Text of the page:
2.      Transparency- We love Gary’s enthusiasm about the importance of transparency and honesty. This is something we practice on a daily basis, because it builds our brand’s exposure and supports engagement with our audience. As stated by Gary, “Good intentions pull people towards you…”

3.    Do it the Zappos way- Tony Hsieh has empowered Zappos employees to care about their customers and go farther than expected. By performing small tasks that the company doesn’t ask employees to do, they have created ‘shock and awe’ moments. Even a hand written thank you note in today’s digital empire is considered a pleasant surprise; this is something we enjoy doing here at Whiting Consulting, as well!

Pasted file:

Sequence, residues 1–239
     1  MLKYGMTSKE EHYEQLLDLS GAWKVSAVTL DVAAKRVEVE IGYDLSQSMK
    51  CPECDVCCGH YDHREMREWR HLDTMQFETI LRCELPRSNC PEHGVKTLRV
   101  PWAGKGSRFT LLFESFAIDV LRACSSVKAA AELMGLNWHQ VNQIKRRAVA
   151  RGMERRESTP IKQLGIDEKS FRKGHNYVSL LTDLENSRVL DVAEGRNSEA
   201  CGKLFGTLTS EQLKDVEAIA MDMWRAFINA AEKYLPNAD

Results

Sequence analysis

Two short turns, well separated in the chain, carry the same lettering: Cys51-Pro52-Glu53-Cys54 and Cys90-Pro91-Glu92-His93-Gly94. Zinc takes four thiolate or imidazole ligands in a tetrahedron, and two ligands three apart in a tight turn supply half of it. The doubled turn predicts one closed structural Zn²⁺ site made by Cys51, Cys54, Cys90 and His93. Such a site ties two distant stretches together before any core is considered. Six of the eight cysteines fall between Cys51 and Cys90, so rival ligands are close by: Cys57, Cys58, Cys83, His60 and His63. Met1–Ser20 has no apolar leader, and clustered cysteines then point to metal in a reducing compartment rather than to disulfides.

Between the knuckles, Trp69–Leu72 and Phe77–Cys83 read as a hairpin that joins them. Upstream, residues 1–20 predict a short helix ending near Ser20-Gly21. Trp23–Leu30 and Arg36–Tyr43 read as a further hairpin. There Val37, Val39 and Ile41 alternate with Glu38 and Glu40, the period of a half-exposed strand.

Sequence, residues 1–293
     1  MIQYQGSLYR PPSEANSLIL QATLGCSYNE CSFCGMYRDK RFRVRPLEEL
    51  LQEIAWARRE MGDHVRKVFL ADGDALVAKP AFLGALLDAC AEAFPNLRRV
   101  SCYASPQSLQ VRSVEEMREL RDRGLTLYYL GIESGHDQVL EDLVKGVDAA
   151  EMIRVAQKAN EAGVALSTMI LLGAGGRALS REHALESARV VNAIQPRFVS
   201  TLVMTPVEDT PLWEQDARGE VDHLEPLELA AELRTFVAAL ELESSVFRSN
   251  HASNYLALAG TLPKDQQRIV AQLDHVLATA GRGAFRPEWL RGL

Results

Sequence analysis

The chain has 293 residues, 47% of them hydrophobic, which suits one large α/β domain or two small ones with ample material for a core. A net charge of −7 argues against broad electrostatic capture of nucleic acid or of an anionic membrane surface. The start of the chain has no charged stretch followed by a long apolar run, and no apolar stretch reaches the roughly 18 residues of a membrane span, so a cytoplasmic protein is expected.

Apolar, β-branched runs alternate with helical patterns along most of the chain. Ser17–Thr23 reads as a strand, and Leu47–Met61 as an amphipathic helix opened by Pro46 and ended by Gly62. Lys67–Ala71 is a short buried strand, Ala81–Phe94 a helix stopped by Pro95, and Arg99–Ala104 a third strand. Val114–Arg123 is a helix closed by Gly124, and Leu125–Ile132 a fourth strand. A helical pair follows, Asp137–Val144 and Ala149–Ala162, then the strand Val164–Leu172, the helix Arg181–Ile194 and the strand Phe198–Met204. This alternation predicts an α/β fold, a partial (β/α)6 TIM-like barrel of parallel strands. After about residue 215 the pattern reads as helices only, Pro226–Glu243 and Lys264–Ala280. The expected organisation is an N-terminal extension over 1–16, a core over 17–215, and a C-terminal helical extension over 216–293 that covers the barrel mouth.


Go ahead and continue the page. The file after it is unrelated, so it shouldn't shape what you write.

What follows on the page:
4.     Empower the influential- Empowering your employees to care for your audience will boost your of community interactions and value online. Word of mouth will take charge, and all the effort put in will come back by continuously building-up your brand.  Empowerment within the company is a definite must.

Those are just a few of the key points Gary crosses in the Thank You Economy, and there are many more valuable tips and stories regarding how to survive today’s economic expectations online.

We highly recommend reading Gary’s book. Businesses should take every opportunity they have to create a unique experience for their customers in today’s ever-changing society.

 

Post written by Julie Skowronek, Marketing Coordinator at Whiting Consulting.

Photo credit: thinkvitamin.com

The Importance of Setting Personal Goals

With all the hustle and bustle of our daily jobs, it might be easy to forget about the importance of setting personal goals.